Book drives. We’ve collected books to support several local libraries, including the one downstairs in the guesthouse. We were able to keep the library open and supply it with a few toys and learning games for 3 years. We’ve recently closed it and will only open it during longer holidays and when we see a need. I loved hearing the laughter of the children, but the entire village is their playground. You will seldom see a parent with the children while they are out and about.

Computer science classes. Although their English skills have not been good enough to write a lot content, we understand that becoming familiar with a computer is a valuable skill that isn’t offered at government schools. We’ve helped many of the village youth to learn enough computer skills to find better employment.

Broadband WIFI link for the villagers. Our password is known by all and they are welcome to sit outside, or come into the library, to get internet access. We also provide a free computer and printing when our neighbors have a need.

School and emergency funding. We’ve been sponsoring one boy who is now in 5th grade. His mother is divorced/abandoned by the father who doesn’t provide any support for the boy.

Earthquake shelters. After the earthquakes of 2015 we sponsored volunteers for 5 months with full room and food complementary. Even now, we only charge for food and usually provide a private room. Between all our volunteers we helped to build shelters for around 50 families, including three that were funded by our guests.

We crowdfunded to help rebuild a couple of homes and in the village, the latter being our project. This project came about because our volunteers started talking among themselves about how much they wanted to help this young family. We collected 3,000 euro for the this project and over $800 for the first home.

Our Request

We have need of $4,000 in order to have the money to pay the women for a couple months, buy the supplies and materials, pay a bit of rent to the Star View Guest House or find a better location.

Pashmina Women’s Project Content

Handwoven scarves made from cashmere, an extraordinary product made from an extraordinary material. Amazing qualities – soft, warm, elegant. We offer a wide selection of several types of pashminas, with dozens of colours. Most of them are in stock, and we deliver within a few business days.

Non US Residents – Select Your Hat & Glove Set Here:

Attention US Donors:

US tax deductible donation to Kay Garnay for Nepal – Select Your Hat & Glove Set Here:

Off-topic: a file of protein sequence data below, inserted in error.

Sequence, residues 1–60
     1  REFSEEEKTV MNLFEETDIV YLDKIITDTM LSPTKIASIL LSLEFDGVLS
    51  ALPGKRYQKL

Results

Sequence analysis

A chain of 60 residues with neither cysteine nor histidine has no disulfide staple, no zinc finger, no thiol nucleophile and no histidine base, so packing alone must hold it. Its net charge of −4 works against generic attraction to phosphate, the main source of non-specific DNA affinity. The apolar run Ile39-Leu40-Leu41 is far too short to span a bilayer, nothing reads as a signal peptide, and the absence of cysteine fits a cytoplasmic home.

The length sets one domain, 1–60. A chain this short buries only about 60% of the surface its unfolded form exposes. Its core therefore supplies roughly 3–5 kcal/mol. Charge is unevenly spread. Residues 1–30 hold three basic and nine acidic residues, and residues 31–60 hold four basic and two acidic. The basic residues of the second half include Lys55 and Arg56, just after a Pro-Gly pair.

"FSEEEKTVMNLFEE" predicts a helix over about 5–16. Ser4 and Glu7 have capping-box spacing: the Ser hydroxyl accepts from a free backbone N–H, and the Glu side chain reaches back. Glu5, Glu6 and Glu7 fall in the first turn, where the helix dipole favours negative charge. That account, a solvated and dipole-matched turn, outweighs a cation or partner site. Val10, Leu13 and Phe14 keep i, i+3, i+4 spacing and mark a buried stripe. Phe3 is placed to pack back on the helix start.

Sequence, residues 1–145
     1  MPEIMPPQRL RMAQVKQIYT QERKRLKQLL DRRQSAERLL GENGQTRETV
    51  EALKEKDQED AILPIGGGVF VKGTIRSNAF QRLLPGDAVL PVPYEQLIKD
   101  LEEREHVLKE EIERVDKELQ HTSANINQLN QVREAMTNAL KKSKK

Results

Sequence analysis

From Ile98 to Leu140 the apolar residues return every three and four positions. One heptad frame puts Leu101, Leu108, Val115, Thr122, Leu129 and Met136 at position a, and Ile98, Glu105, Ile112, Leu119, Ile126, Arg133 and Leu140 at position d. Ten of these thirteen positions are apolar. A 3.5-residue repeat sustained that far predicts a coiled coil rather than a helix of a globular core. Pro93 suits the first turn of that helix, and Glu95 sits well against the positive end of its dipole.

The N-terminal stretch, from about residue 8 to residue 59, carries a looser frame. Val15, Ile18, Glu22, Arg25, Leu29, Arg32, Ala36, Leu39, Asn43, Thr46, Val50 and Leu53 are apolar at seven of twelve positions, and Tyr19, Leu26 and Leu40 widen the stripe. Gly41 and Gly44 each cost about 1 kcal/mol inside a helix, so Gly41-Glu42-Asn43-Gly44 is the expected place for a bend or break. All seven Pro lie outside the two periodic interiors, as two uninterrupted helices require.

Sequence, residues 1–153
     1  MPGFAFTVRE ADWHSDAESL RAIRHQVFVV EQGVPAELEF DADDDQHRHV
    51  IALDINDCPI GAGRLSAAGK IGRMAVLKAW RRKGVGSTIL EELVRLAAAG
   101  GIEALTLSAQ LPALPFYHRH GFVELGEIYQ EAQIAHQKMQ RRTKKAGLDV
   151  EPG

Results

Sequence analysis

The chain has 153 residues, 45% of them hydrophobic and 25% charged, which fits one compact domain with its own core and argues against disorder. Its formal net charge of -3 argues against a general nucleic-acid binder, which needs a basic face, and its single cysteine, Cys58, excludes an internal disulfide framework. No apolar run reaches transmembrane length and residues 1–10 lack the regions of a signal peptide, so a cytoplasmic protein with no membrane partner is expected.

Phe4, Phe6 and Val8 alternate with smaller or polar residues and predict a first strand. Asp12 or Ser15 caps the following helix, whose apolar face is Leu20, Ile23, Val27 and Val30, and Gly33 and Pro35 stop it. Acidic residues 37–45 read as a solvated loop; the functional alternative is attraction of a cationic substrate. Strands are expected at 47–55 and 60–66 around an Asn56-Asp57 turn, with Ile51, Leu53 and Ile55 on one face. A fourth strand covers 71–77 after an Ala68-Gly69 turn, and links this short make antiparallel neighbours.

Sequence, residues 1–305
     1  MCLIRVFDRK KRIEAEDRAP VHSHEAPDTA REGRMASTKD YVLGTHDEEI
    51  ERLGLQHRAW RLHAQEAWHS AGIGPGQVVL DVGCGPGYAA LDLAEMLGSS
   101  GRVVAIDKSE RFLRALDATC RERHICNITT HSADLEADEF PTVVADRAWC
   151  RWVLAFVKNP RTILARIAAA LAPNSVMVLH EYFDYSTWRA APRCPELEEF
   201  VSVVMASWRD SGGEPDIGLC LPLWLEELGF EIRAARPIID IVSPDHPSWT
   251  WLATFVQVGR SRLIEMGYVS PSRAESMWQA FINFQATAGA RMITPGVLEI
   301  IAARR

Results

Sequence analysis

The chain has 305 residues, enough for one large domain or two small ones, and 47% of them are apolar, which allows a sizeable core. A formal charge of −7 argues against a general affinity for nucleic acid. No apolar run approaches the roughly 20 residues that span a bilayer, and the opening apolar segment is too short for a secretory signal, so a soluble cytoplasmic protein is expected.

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Spectacular Dhulikhel

One of the most enjoyable things about Nepal is going around a corner to see the majestic, snow covered mountains. Dhulikhel is one of the best places to catch amazing glimpses for quite a ways in this area. There is another reason to plan to spend a day or two here, particularly if you are from the US. Dhulikhel is home of the Kathmandu Teaching Hospital, Dhulikhel. This modern facility is the place to go if you need dental work. Even for Europeans, the tooth cleaning is usually under $5. I’d suggest booking a guesthouse in Dhulikhel for a few days enjoying the views and getting your teeth cared for. There is also an eye department where you can get your eye glasses or contact lens prescription. The exam price was well under a dollar and I bought a pair of reading glasses that came with about 6 magnetically attached sun glass lenses in a variety of shades, perfect for anyone who needs glasses. The sun-glass lenses have UV, too, for only $24. So enjoy the lovely views, rest up from your flight and get whatever medical issue looked at. As a side note, any tests are completely private. They do not even ask for your ID. If you are worried about a particular issue the Kathmandu Teaching Hospital is a great place.

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Coming to Nepal During Monsoon-A Good Idea?

Is coming to Nepal during monsoon season a good idea? People suggest coming to a country during the off-season. Nepal’s off-season is from June to September and December to the middle of February. Can a person enjoy this country during those time periods? We know it’s going to be cold in the winter, but what about monsoon? What should a traveler know about Nepal during this time?